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Equivalence testing: Insights from the experts

One step in our development of a new palatant is to conduct a feeding trial against a control ration. This experiment is performed to test a null hypothesis that two rations are identical in preference versus an alternative hypothesis indicating that the rations are different in preference. Animals receive both rations, and data are collected on consumption amounts. If the data strongly indicate that the null hypothesis is unreasonable, then that hypothesis is rejected and we declare that the rations are significantly different. However, if the data obtained from the two rations are similar, we do not accept the null hypothesis and decide that the rations are identical. Instead, we conclude that we did not collect enough evidence to assert that they are different. This is similar to a legal trial. In a legal trial, the null hypothesis is that the defendant is innocent and this is evaluated against the alternative hypothesis of the defendant being guilty. Failure to convict the defendant because of weak evidence does not necessarily imply innocence, but rather the need for stronger data in support of guilt.

In some cases, we want to demonstrate parity between rations. As described previously, the lack of a significant difference between rations does not imply that they are identical in preference, so a different type of statistical test is needed. For a test of equivalence in a feeding trial, the alternative hypothesis is that the difference between rations falls within a small, tolerable range, while the null hypothesis states that the two rations differ by a larger amount that is not acceptable to the researcher. If the researcher is confident that the difference between rations is inconsequential, then the null hypothesis is rejected, and the rations can be declared equivalent.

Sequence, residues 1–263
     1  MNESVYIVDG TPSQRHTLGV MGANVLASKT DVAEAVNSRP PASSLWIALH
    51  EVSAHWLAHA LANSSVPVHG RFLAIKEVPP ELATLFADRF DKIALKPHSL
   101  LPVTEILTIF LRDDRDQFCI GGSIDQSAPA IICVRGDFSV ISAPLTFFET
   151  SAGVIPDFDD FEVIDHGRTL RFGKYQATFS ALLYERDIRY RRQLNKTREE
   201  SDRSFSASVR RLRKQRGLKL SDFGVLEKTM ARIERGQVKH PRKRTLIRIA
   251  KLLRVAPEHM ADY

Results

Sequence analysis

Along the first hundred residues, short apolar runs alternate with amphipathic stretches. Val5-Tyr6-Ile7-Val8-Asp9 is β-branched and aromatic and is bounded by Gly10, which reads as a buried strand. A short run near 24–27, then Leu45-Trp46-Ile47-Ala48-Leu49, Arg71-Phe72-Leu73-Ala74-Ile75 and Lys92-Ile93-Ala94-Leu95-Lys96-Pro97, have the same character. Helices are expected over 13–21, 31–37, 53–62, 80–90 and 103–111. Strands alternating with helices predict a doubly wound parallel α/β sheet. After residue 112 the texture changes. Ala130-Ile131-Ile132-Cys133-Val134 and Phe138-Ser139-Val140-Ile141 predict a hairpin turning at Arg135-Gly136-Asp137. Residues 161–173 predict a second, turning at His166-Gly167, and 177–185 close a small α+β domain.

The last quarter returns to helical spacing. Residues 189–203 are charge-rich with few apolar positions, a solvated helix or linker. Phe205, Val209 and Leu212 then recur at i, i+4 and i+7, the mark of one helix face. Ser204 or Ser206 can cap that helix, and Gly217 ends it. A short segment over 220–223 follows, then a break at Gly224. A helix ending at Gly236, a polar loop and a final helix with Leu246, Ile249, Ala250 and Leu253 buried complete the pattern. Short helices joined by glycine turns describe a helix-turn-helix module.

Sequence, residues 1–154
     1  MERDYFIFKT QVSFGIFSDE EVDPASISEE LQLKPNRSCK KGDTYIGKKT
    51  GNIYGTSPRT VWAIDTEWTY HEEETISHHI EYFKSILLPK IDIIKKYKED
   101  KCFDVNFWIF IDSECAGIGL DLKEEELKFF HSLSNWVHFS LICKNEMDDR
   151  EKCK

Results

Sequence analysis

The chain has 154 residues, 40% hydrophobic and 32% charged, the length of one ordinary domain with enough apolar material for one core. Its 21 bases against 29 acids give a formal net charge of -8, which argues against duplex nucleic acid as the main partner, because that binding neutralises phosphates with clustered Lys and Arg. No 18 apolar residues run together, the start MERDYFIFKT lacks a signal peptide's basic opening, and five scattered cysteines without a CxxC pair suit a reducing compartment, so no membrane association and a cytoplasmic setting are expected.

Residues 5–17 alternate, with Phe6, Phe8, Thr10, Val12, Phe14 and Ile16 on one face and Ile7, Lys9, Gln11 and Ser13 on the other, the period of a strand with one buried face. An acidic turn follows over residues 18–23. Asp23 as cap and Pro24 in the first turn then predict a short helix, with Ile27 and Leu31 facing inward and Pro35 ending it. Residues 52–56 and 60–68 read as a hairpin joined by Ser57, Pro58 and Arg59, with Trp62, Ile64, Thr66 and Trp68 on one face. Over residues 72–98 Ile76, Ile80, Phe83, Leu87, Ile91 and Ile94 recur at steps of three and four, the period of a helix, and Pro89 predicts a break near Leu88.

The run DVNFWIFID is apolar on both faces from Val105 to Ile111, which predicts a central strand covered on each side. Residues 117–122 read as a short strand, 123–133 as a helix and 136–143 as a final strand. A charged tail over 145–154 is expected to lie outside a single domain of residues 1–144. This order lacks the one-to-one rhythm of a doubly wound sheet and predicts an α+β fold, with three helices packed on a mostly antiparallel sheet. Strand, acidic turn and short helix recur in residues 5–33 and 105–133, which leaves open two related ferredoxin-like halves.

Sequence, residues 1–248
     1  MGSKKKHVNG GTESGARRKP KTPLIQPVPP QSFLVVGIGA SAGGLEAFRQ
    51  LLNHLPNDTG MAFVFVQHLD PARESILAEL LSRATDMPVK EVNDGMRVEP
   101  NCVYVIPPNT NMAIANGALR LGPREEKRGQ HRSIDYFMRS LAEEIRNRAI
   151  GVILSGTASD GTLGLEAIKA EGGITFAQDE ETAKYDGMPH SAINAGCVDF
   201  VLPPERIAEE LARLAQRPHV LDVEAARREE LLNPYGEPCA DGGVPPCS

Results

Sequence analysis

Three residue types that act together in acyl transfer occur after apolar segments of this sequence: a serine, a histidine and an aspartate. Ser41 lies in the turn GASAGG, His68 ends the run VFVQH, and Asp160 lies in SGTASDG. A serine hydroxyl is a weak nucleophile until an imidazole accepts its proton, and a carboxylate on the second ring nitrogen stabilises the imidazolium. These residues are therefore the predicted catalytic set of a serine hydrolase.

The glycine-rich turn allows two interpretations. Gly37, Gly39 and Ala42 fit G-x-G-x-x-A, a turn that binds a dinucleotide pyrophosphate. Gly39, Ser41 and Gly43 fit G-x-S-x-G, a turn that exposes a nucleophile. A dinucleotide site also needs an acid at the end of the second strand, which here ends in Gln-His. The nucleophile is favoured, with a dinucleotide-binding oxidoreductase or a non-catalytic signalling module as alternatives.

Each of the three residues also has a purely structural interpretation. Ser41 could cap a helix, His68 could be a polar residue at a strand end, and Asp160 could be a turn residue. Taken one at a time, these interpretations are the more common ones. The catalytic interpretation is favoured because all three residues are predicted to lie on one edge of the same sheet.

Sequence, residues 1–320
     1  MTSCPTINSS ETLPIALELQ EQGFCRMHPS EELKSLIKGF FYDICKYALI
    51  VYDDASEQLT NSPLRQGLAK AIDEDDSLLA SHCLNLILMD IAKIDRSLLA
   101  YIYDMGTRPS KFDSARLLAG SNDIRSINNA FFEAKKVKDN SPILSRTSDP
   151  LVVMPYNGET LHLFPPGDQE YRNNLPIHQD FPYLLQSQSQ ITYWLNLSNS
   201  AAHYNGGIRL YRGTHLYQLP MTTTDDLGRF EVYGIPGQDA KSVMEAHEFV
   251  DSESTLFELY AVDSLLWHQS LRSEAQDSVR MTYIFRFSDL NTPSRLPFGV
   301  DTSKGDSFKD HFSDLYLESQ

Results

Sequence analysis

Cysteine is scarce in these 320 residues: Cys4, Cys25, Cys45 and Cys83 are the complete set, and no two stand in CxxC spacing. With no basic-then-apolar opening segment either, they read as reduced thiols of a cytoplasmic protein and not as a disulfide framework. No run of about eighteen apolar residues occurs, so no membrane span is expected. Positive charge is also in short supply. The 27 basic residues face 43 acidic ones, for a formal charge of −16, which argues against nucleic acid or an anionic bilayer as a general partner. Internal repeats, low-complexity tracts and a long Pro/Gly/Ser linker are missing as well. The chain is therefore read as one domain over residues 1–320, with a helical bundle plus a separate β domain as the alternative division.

When testing for improvement against the control, the best interpretation of preference comes from a two-bowl test in which the animals are offered both rations simultaneously. However, these tests could lead to erroneous conclusions in equivalence testing. Suppose that two rations are indeed equivalent. In a two-bowl test, a dog could realize the similarity and choose to eat from only one bowl to minimize effort. The data for that dog would imply a strong preference for one ration, which could be misleading. Instead, for testing equivalence, we use monadic feeding, offering the dogs only one bowl with one ration per day. Nonequivalence is indicated by a consistent reluctance to eat all of the food offered from one ration. This requires the dogs to be well fed, so they are not compelled to eat from hunger. They also must be behaviorally conditioned to realize that another meal, perhaps with better palatability, will be offered in the near future.

In a recent trial we conducted, we compared dog rations with palatants produced at two locations to evaluate product consistency. An equivalence test was conducted with 40 dogs to evaluate parity of the rations. The graph below illustrates that, while a few dogs showed a preference for one of the rations, most ate practically the same amounts from both rations. Since we were confident that neither ration was preferred over the other by more than 5%, the two rations were declared to be equivalent in preference.

Equivalence testing should be used in other situations in which the desired outcome is parity, rather
than improvement. Misleading conclusions can be avoided by asking the right questions and conducting appropriate experiments and analyses.

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